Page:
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The term Organon is etymologically derived from the Greek word ‘Organum’ which means ‘the tool’ or ‘the instrument’. Originally ‘Organum’ meant any musical instrument’; however , the term attained it’s lasting sense during the middle ages, referring to a specific polyphonic (many-voiced) instrument.
Dr. S. Hahnemann adopted the Aristolean term ‘Organon’ so as to illustrate the importance of the tool that each and every physician needs to employ for the purpose of healing. Organon gives us the rules and guiding principles for the practice of Homoeopathy. Organon of the Art of Healing (Organon der rationellen Heilkunde) by Samuel Hahnemann, 1810, laid out the doctrine of his ideas of homoeopathy. The work was repeatedly revised by Hahnemann and published in six editions, with the name changed from the second edition onwards to 'Organon of Medicine'.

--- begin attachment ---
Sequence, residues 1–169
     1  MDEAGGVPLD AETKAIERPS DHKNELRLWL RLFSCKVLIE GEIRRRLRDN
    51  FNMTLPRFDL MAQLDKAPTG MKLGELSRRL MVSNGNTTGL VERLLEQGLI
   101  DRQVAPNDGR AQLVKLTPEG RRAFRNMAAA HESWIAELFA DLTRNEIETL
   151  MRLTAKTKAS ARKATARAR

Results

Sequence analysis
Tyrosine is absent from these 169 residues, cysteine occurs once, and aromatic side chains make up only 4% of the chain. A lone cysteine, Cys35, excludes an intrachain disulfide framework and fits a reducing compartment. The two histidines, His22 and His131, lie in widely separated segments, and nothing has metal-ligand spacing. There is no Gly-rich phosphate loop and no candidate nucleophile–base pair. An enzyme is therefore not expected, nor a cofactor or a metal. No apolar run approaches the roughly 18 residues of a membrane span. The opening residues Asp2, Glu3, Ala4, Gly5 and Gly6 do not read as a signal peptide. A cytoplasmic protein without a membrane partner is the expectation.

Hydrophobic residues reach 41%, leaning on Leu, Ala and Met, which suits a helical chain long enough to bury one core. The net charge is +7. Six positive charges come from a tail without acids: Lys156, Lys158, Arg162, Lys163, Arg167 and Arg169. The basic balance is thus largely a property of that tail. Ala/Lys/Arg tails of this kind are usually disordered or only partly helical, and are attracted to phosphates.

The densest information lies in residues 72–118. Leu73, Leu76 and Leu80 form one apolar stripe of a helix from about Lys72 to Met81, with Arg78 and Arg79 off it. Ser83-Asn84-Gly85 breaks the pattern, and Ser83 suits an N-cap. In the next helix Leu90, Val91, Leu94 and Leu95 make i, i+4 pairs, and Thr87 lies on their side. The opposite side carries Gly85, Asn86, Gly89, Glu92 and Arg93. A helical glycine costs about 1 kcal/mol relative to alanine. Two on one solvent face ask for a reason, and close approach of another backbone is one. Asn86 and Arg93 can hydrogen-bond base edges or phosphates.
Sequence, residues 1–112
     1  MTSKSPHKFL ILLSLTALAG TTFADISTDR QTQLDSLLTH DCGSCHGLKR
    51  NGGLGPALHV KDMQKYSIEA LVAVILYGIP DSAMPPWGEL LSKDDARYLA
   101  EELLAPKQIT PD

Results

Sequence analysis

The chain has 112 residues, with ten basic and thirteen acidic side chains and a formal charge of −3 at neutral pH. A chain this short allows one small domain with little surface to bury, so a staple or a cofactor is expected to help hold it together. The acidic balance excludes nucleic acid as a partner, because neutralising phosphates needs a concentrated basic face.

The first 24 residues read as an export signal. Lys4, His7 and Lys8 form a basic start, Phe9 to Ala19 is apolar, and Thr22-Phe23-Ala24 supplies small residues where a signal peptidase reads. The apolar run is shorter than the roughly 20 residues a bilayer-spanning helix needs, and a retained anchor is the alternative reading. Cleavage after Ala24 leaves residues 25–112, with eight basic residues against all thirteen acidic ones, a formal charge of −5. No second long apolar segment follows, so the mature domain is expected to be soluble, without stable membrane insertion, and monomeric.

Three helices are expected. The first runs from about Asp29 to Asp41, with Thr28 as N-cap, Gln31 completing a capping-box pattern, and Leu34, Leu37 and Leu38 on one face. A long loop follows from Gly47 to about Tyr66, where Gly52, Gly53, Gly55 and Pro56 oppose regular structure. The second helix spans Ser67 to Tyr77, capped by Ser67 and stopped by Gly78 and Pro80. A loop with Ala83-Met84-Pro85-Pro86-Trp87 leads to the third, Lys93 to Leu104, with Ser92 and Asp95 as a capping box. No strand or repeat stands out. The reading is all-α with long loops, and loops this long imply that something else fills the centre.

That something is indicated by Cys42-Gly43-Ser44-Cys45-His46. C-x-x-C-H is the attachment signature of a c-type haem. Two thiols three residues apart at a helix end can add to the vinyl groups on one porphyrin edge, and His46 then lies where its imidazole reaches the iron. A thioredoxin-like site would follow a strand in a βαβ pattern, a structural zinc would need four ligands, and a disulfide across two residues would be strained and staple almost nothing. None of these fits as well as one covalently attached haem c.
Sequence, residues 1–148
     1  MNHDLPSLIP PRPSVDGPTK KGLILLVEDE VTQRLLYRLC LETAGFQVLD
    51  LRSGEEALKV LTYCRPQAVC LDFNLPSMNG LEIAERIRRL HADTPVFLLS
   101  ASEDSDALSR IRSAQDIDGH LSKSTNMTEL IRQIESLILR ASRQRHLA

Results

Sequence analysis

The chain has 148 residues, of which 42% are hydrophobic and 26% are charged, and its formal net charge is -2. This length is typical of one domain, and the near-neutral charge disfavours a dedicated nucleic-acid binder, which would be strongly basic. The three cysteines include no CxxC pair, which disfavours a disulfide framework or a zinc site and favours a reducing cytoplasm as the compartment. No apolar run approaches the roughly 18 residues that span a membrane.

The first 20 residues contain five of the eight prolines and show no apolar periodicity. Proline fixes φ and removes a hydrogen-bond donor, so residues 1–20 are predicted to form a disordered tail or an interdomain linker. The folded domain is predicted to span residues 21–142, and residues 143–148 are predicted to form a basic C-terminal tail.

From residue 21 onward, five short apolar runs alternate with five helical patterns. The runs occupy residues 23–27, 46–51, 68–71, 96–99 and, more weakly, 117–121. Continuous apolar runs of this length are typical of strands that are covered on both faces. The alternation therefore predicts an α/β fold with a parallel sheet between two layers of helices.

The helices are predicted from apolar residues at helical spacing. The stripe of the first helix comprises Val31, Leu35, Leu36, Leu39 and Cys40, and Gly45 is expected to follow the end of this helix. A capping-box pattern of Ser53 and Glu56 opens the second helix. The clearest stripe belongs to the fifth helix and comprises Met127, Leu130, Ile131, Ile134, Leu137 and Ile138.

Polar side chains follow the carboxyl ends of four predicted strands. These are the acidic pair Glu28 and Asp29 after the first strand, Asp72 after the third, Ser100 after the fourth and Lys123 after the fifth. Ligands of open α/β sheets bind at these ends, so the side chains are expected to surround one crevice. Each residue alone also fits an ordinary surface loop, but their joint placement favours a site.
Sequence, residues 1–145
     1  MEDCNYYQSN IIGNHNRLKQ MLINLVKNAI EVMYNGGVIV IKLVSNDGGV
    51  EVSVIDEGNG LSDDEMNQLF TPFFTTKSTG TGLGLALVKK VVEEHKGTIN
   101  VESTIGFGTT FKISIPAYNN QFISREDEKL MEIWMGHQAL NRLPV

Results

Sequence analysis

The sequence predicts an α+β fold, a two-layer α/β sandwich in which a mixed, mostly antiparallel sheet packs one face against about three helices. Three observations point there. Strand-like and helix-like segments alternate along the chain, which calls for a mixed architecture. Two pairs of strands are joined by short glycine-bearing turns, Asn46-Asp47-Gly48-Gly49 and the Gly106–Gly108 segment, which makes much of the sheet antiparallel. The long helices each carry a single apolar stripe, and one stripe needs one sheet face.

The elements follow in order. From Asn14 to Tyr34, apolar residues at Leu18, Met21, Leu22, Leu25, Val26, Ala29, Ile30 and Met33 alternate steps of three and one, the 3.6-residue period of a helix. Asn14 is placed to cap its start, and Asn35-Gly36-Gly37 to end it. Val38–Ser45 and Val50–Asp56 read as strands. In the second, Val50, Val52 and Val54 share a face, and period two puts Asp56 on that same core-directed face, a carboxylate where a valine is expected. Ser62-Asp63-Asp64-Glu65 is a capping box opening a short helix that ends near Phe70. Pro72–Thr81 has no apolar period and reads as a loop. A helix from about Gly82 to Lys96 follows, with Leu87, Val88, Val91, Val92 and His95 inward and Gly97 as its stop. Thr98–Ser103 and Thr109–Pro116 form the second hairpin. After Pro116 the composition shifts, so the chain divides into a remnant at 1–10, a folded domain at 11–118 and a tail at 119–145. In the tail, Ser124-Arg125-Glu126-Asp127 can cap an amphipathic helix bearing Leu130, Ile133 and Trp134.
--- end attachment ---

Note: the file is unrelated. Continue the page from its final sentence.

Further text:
The book was published in 1895. Bradford attempted to collect everything bearing any relation to the career of Hahnemann in this book. A narrative of Hahnemann's life, pieced together from the works of Ameke and Dudgeon, and by Hahnemann's letters which had appeared in journals, newspapers, and other sources. The German, French and English literature was thoroughly examined; much of which was published for the first time in English.
"It has been the intention to ... permit Hahnemann to speak by means of his writings; to avoid criticism of his motives and to be very chary of personal opinion; to narrate in a concise manner the romantic story of his wanderings, his persecutions, his discoveries, his triumphs and his peaceful death."
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